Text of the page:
Principal Investigator: Morgan Schafer, MS
Student Investigator: Katherine Dulgeroff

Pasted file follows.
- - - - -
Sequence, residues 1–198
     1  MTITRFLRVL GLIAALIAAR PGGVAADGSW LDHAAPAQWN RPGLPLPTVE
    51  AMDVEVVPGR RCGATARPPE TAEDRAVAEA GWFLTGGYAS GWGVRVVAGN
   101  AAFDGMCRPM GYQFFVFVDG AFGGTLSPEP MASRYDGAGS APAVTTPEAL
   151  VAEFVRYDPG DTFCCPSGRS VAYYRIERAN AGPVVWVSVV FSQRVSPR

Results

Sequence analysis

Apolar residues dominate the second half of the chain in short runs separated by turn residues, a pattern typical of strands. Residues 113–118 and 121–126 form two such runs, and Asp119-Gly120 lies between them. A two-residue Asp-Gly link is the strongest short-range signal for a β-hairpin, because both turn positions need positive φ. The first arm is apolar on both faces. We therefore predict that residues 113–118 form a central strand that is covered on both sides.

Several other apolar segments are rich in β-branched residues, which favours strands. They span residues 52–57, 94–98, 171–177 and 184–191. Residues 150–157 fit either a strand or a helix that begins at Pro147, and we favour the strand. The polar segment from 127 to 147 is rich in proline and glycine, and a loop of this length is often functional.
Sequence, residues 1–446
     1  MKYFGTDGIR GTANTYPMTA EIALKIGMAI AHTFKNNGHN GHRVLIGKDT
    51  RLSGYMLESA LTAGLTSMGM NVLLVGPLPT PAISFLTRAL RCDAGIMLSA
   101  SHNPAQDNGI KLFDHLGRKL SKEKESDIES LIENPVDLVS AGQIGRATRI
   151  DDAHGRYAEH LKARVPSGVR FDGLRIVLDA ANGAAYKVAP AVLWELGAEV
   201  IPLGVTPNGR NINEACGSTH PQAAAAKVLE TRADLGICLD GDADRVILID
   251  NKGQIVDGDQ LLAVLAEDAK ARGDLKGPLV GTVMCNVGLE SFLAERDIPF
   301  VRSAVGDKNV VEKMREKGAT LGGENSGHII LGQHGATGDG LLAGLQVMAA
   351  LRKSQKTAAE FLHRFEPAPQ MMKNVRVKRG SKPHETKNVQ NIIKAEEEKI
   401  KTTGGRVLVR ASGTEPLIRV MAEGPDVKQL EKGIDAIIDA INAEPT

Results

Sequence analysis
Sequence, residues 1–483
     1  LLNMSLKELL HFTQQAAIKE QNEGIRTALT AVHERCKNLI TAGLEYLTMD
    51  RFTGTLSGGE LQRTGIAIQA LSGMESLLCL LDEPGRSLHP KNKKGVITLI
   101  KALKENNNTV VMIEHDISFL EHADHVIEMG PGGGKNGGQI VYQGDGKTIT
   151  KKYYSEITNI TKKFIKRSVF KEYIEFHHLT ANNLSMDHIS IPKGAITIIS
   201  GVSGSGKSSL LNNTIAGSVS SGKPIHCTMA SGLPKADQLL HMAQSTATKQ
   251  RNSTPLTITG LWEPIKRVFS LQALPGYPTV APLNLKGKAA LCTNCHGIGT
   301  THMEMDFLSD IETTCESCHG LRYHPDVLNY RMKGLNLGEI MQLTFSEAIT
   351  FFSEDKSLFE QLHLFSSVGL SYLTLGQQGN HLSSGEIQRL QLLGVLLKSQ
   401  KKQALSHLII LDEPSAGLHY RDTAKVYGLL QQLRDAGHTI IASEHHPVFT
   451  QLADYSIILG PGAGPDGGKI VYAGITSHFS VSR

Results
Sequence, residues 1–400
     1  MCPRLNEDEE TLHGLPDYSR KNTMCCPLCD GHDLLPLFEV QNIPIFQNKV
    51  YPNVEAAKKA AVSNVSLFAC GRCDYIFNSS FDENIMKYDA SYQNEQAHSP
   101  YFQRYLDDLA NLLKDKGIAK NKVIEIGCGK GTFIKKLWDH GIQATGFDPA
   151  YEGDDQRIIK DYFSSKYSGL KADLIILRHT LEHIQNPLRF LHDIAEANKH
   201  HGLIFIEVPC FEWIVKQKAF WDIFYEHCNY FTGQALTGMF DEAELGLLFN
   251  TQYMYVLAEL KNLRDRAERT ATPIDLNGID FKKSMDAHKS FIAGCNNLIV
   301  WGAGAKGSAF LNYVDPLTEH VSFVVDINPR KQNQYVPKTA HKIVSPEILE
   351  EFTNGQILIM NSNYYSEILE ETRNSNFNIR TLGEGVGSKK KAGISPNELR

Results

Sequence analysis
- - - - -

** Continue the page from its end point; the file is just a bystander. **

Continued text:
Abstract: A plant-based diet (PBD) emphasizes consumption of nutrient-dense plant foods and de-emphasizes consumption of processed foods and animal products. Findings from recent studies suggest that PBDs are associated with improved health outcomes, including lower rates of overweight and obesity, diabetes, cardiovascular disease, cancer, and overall mortality.1 Studies have shown that patients are more likely to make lifestyle changes under the advice of physicians; if physicians lack knowledge about or have negative attitudes toward PBDs, they are unlikely to recommend them to their patients.44-46 This, coupled with the strong support for the positive health outcomes of a PBD, suggests that it is important to understand physicians’ attitudes and knowledge of these diets. However, a review of the literature suggests that the knowledge and attitudes of physicians toward PBDs are unknown. The primary aim of this study is to develop and assess the reliability of a self-administered, web-based survey that will collect anonymous responses to questions about physicians’ knowledge, attitudes, and practices regarding plant-based diets at one time point. We will determine the internal consistency of the questionnaire, compare responses between naturopathic and allopathic physicians, and assess the relationship between physicians’ attitudes and knowledge of PBDs.